Role of Women/ Women’s Right Movement



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Role of Women/ Women’s Right Movement

This theme explores the role of women in American society and the gains women have made in securing their full rights as American citizens.

Kareli Mendoza

Ricardo Almaraz

Nathaniel Herrera

Garrett Jordan



Contents

  • 1600’s

  • 1700’s

  • 1800-1850

  • 1851-1900

  • 1901-1950

  • 1951- Present day

  • Key Terms and Definitions


1600’s

A major incident during the first half of the seventeenth century demonstrated Puritan religious intolerance. Anne Hutchison was a prominent proponent of antinomianism, the belief that faith and god’s grace—as opposed to the observance of moral law and performance of good deeds—suffice to earn one a place among the “elect”. Her teachings challenged Puritan beliefs and the authority of the Puritan clergy. The fact that she was an intelligent, well-educated, and powerful woman in a resolutely patriarchal society also turned many against her. She was tried for heresy, convicted, and banished. The Salem Witch Trials took place in 1692. These were not the first witch trials in New England. During the first 70 years of English settlement in the region, 103 people (almost all women) had been tried on charges of witchcraft. Never before had so many been accused at once, however; during the summer of 1692 more than 130 “witches” were jailed or executed in Salem.



1700’s

Abigail Adams wrote a famous letter to her husband pleading the case for women’s rights in the new government; she reminded John to “remember the ladies and be more generous and favorable to them than your ancestors”. The Declaration of Independence failed to address women. It was the culture of the time for men and only men to be involved in politics. Women were not considered to be equal to men, they were weaker both physically and mentally, and hardly anybody in those days took seriously the idea of equal rights for women. Enlightened thinkers knew that a republic could only succeed if its citizens were virtuous and educated. Who were the primary caretakers of American children? American women. If the republic were to succeed, women must be schooled in virtue so they could teach their children. The first American female academies were founded in the 1790s. This idea of an educated woman became known as Republican Motherhood. During the American Revolution the role of women was to be nurses, cooks, maids, laundresses, water bearers and seamstresses for the army. This was the first time women held these jobs in the military since these positions were usually reserved for male soldiers. Many of them were originally camp followers: wives, daughters and mothers of male soldiers who followed the army looking for food and protection because they were no longer able to support themselves after the men left for war.

1800-1850

During the early 1800’s up to the 1850’s there was a greater determination to acquire women rights, many steps were taken to make it possible such as the Cult of Domesticity. The cult was also known as the cult of true womanhood because it began to alter the idea of the role of women. Women had also because a major part of the Abolitionist Movement due to their similar lack of rights and possibility of achieving them for both African Americans and Women. The Fight for female rights later expanded when the Seneca Falls Convention which was a convention held to discuss the social, civil, religious condition and rights of women. The convention was organized by Elizabeth Cady Stanton, an American Social activist and strong supporter of women suffrage, and Lucretia Mott, an American Quaker and abolitionist, and provided The Declaration of Rights and Sentiments which was signed by 100 of the 300 attendants and was one of the first steps to achieve Women Suffrage.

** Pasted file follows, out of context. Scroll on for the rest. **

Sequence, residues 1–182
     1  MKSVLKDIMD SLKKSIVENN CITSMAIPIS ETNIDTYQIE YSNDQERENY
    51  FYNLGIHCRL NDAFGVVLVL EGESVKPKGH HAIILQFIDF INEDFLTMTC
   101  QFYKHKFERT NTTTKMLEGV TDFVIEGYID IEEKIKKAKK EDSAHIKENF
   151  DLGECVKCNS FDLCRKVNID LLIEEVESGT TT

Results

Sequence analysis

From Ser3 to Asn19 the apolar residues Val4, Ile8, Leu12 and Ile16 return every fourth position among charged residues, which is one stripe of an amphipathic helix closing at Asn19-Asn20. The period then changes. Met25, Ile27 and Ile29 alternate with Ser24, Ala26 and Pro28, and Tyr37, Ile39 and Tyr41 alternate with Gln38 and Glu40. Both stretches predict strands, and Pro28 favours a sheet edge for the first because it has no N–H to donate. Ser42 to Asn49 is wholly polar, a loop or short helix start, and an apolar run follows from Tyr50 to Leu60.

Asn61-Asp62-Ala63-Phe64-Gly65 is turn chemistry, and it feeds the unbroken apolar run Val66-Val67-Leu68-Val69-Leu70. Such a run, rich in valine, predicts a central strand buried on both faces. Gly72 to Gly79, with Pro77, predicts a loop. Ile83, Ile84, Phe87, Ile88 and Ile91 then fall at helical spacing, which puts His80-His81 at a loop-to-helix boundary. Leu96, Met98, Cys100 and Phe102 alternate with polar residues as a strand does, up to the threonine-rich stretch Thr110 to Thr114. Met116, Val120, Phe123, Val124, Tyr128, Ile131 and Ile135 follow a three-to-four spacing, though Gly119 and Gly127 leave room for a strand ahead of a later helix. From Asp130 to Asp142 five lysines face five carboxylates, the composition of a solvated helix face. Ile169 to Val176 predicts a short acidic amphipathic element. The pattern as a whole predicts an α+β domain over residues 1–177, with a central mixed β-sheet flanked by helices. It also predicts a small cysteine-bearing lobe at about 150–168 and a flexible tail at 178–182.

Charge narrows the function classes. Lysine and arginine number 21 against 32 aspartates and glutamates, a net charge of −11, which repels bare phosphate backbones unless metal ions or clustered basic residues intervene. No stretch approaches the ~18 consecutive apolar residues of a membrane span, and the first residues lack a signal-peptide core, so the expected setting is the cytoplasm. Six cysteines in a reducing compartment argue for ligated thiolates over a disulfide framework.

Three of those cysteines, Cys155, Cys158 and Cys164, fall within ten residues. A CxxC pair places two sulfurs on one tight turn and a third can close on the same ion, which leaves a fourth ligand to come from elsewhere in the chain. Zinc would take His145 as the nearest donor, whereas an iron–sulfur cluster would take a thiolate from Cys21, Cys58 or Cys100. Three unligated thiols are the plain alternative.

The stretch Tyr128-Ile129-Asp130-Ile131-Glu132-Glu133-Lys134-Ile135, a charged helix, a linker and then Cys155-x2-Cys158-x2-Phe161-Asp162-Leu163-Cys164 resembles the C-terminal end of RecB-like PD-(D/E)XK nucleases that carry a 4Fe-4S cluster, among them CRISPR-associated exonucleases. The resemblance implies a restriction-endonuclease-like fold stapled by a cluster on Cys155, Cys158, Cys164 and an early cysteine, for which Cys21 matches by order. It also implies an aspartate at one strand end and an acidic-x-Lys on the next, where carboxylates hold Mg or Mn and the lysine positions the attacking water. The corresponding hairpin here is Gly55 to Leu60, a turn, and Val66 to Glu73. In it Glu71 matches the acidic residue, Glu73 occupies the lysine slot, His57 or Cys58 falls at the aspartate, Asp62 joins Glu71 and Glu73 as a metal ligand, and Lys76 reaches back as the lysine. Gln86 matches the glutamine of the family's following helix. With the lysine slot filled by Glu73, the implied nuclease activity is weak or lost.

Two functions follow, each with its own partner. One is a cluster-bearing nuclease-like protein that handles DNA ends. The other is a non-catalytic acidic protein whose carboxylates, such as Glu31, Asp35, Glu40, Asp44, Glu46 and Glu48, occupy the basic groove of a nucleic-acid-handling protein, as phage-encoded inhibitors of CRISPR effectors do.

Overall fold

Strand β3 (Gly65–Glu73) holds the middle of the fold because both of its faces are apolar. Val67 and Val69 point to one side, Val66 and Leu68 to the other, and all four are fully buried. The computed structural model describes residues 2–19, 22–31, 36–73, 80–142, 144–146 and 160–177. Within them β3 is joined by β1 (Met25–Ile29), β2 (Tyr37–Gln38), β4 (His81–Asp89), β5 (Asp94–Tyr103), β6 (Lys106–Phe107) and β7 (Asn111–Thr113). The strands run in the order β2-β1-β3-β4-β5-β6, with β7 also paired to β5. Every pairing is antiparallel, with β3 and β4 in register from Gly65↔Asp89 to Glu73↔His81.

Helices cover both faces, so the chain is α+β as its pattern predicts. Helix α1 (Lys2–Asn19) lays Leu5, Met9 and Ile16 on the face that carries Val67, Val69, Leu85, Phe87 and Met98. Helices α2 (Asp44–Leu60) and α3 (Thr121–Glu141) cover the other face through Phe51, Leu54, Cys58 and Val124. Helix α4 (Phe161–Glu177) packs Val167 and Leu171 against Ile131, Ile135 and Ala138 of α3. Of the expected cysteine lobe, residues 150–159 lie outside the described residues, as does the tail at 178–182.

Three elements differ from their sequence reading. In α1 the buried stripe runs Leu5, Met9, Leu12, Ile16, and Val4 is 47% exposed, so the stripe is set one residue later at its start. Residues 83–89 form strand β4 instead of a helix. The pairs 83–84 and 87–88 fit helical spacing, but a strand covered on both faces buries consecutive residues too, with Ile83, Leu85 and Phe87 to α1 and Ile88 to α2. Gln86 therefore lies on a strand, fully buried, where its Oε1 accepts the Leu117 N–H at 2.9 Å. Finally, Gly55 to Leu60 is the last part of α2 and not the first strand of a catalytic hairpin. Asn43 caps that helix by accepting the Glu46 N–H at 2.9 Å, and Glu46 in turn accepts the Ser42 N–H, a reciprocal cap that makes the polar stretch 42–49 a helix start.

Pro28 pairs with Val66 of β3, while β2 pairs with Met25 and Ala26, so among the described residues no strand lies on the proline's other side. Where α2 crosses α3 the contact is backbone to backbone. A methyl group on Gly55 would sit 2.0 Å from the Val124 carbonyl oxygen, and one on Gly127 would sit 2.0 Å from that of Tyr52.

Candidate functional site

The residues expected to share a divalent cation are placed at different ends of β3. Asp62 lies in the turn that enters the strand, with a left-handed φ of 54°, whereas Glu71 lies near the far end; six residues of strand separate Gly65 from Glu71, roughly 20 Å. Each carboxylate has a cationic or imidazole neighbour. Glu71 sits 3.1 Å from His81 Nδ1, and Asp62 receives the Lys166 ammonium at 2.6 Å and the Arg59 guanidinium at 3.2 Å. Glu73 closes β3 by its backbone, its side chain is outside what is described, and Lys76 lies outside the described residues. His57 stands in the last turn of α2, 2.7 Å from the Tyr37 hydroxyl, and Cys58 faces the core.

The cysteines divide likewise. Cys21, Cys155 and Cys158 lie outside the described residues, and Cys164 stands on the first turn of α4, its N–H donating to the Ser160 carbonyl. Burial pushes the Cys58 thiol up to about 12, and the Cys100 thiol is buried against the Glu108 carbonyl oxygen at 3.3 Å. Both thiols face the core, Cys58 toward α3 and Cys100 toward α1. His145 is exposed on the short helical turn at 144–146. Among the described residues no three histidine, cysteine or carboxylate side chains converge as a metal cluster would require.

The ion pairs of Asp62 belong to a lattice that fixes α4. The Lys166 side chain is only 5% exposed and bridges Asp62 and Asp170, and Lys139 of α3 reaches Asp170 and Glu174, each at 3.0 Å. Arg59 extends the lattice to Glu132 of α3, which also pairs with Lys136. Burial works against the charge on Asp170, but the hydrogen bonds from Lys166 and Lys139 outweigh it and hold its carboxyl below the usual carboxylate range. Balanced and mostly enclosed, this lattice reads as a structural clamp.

1851-1900

The spark of Women Suffrage had grown into a fire that inspired the creation of the National Women Suffrage Association which was formed in 1869 by an already well known supporter of women’s rights, Elizabeth Cady Stanton and Susan B. Anthony who was an American social reformer and a strong supporter of women’s rights as well. The NWSA opposed the 15th amendment unless if women were included along with the African Americans but were opposed by the American Suffrage Association who thought the amendment would not pass if the women were included, leaving both women and African Americans without rights. At the end of the 19th Century women began to receive more and more hope on winning the right to vote in state elections due to the vast amount of things done to support women rights.



1901-1950

The early 20th century brought immediate yet gradual change to women’s’ rights. During the Progressive Era, which began in 1900, women began to form organizations such as the National Women Suffrage Association. Women’s groups continued to campaign for suffrage throughout the next two decades. Thus, their conservative opposition they faced gave birth to the feminist movement. One early advocate of the feminist movement would be Margaret Sanger, who faced tremendous opposition for promoting the use of contraceptives. Also, the prohibition movement had its roots in the reform campaign since the 1830’s and was one of the priorities of the feminist movement. Their goal was achieved in 1917 through the Eighteenth Amendment which outlawed the American liquor industry. Finally the movement’s greatest success came in 1920 with the Nineteenth Amendment, granting women the right to vote.